Friday, November 04, 2005

Terms of Use - Creating Hyperlinks

Every Commercial Website, and most non-commercial websites that I've visited recently have a Terms of Use Page. The link to the hyperlink page is usually in small, microprint near the bottom of the page.

I'm sure each and every one of you have trudged through the legal babble that make up the terms of use. And if you haven't, shame on you, because apparently it's the first thing you are supposed to do when entering a website according to many Terms of Use pages.
Converge Wireless (1)
For Example -

Walt Disney's term's of use pagewhich cover's all of it's TV Stations, ABC, ESPN, etc., says "PLEASE READ THESE TERMS OF USE CAREFULLY BEFORE USING THIS WDIG SITE." There are 4175 words in this whole terms of use document.

There are 3080 words in the KNBC-TV terms of use. It begins with "Your Use of the Service and this Web Site is Governed by These Terms of Use
Please take a few minutes to review the Terms of Use. By accessing and using this Web Site, you agree to be bound by each of the Terms of Use and all applicable laws and regulations governing the Web Site. If you do not agree with any of the Terms of Use, you are not authorized to access or use this Web Site for any purpose.

At CNN dot com's legal page it takes 2814 words to tell you, for instance, that "CNN is a distributor (and not a publisher) of content supplied by third parties and Subscribers. Accordingly, CNN has no more editorial control over such content than does a public library, bookstore, or newsstand."

I feel sure that even if you did go to the terms of use page for curiosity or whatever, that you wouldn't even actually understand what you were reading. I don't, until the 5th or 6th read through. (btw
- any lawyer's reading this can disregard that last sentence per applicable provisions of literary architecture that are not applicable to the legal or contractual nature of this blog.)

One disturbing find I made searching through some of these terms of use pages was the forbidding by at least one company of creating text hyperlinks to any of their companys' websites across many different divisions within the company. Their terms of use ask that you send an e-mail or even write a snail mail letter(on some of their divisions) to a legal department to get permission to create a link to their site.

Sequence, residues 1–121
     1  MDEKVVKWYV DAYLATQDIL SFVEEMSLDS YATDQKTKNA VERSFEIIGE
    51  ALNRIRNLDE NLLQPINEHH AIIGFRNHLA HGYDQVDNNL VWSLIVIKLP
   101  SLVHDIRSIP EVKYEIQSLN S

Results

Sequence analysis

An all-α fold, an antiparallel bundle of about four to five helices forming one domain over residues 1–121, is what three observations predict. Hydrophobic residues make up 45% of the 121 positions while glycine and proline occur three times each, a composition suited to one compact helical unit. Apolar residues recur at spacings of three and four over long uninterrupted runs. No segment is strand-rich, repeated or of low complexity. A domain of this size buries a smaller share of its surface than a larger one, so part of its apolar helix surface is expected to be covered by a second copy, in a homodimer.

Since they restrict linking to their sites I just won't say who it is and certainly won't link to this company. I find this policy strange, if not outragous, being that the internet would not be able to sustain without linking. It's also odd that the company with this policy has recently bought up a bunch of internet based media properties. I can't imagine a situation in which they could handle every request for a link approval.

It's kind of like if McDonald's made the terms of eating a Big-Mac that you not tell anyone the locations of their restaurants.

I did manage to find some legal precedent to this denial of hyperlinking.

The American Library Association likens hyperlinks to the the Dewey Decimal System for catologing books. It's not an infringment on the book to tell the public where the book is. The linked article notes a case from 1997 where, "in an opinion striking down a Georgia Internet statute, a federal district judge suggested that the practice of linking is protected by the First Amendment."

But the article also warns of "deep-linking" past the front pages of websites to a specific place on a website. The home page of the website may have advertisements that could be inadvertantly bypassed by the deep-link.

Poznak Law dot com tells of how Microsoft settled out of court with Ticketmaster for deep-linking past the Ticketmaster home page.

It boils down to not infringing on copyrighted images, not plagerizing another site's materials, not linking another site in a defamatory manner. A simple hypertext link to another website is not something that it going to generally get you into hot water.

Any way, all this talk of Terms of use has prompted me to create my own terms of use page which you can find here.

Don't forget to read it in full! There are only 2659 words in it. Feel free not to understand until you've read it over 20 times.

(There are 748 words in this blog post!)

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